while it's going too far to call much of anything an orthodoxy in the study of tragedy, there's no doubt that the social sciences have been making inroads into literary studies for so long now that the line between the two is hardly distinct. this essay is about the role of women in ancient greek tragedies, particularly those of aeschylus, euripides, and sophocles., making silence speak: women's voices in greek literature and society (princeton, 2001).
greeks do not protest, even though their attitude to foreign academic's "right" to dig into the greek past has become more ambivalent in recent years. also had another requirement for great tragedy: the scene of suffering, ‘a destructive or painful action, such as death on the stage, bodily agony, wounds, and the like’. i hardly need comment on the five essays that appear here in revised form; students of greek poetry and society have been learning from and responding to them for years.
she suggests that in its treatment of marriage tragedy retains traces of a pre- or even anti-democratic ideology, a hearkening back to an aristocratic homeric ideal (for males at least). next two essays apply those questions to tragic virgins: iii. and though the stakes might be low and the plotlines quotidian, the level of catharsis is as deep as it is in the greatest tragedy.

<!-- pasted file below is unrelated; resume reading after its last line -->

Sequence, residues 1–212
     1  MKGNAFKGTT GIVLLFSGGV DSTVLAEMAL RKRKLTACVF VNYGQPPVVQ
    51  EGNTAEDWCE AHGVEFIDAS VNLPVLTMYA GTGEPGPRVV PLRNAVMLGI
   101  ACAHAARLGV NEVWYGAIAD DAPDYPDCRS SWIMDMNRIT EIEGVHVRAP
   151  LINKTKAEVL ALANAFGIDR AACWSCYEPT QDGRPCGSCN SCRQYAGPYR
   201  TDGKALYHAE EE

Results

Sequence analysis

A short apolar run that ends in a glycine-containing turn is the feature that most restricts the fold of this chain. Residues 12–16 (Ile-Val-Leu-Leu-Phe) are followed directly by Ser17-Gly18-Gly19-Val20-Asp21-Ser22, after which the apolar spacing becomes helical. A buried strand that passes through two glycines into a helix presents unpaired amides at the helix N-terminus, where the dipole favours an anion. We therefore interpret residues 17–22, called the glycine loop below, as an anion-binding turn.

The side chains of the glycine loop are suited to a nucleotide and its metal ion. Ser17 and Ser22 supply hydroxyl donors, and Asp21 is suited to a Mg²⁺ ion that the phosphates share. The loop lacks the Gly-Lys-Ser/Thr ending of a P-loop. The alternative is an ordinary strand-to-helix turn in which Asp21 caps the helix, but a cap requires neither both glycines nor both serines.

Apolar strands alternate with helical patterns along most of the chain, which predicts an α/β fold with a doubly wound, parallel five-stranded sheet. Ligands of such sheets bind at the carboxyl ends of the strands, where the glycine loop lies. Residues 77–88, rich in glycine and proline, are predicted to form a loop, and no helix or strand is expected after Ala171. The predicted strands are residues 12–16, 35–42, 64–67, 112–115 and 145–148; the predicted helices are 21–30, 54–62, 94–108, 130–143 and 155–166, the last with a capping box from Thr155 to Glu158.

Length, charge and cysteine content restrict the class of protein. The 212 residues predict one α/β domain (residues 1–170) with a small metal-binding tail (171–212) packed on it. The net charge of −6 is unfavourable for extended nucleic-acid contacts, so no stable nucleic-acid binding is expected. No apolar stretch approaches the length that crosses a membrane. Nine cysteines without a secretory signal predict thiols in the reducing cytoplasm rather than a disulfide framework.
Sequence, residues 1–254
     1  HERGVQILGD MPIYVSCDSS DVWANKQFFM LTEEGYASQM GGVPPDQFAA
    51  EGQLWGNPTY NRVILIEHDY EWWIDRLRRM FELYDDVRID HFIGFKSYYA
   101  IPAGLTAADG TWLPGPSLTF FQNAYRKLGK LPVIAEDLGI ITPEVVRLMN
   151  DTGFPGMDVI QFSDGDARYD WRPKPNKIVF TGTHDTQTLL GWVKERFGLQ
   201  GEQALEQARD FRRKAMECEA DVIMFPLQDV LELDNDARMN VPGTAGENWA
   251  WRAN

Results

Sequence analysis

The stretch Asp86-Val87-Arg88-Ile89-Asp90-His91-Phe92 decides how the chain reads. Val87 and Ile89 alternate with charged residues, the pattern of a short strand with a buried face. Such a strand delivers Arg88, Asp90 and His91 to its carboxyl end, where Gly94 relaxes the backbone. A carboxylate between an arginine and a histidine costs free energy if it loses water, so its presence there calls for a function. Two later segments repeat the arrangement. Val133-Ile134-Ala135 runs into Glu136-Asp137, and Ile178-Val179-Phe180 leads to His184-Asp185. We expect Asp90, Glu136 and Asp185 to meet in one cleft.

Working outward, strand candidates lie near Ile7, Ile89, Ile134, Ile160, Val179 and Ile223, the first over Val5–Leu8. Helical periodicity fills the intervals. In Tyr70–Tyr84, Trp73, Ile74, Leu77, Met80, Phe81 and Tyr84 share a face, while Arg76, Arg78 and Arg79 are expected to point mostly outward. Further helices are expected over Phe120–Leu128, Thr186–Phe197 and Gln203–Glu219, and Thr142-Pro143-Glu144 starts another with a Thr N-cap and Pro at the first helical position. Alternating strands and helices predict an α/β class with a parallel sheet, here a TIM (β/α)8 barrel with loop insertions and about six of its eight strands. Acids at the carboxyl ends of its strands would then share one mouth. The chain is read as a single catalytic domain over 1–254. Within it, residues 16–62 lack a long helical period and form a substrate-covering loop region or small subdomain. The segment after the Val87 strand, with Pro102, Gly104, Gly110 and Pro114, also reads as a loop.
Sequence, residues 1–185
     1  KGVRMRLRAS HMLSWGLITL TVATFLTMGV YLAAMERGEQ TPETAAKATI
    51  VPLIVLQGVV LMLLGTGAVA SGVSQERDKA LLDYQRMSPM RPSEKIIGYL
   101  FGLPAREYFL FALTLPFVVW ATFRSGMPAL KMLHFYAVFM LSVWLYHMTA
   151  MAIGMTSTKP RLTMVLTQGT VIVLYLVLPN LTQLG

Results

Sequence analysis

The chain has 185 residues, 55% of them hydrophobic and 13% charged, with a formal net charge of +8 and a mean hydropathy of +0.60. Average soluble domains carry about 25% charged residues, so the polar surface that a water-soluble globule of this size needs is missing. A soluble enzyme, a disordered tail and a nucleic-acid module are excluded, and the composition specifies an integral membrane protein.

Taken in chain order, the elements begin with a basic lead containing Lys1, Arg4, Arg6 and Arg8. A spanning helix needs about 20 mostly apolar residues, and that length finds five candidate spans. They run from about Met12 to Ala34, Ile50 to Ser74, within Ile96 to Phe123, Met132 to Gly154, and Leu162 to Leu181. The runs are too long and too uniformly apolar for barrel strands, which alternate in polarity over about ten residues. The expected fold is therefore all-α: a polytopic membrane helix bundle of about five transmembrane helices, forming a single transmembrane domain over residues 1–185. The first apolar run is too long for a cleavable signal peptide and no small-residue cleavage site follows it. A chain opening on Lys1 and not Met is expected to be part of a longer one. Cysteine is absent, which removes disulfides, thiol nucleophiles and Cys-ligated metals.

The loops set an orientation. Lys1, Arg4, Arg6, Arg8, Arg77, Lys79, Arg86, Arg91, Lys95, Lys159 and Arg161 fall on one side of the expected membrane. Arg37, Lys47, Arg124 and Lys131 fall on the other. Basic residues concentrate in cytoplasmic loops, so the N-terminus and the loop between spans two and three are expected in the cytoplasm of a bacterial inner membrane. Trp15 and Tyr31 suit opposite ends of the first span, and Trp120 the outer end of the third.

plan is ambitious, a look at "the fictional female position" in tragedy, as well as the reflection of contemporary society in those positions (p. on this multi-vocality of antigone, see now mark griffith, "antigone and her sister(s): embodying women in greek tragedy," in l. and pity, the flint and steel that together ignite cathartic pleasure, require a very specific condition, namely, that the tragedy portray a man like ourselves – neither eminently good nor filled with depravity, but rather, someone whose misfortune is brought about ‘by some error or frailty’.
and the value of the book lies not only in the first publication of the four new essays, but in the combined impact of the approaches foley has been pursuing since at least 1989., deception, and lamentation: the advancement of women’s rights and democracy in ancient greek tragedies. in his epic works and days, he presents a greek myth about the fall of man.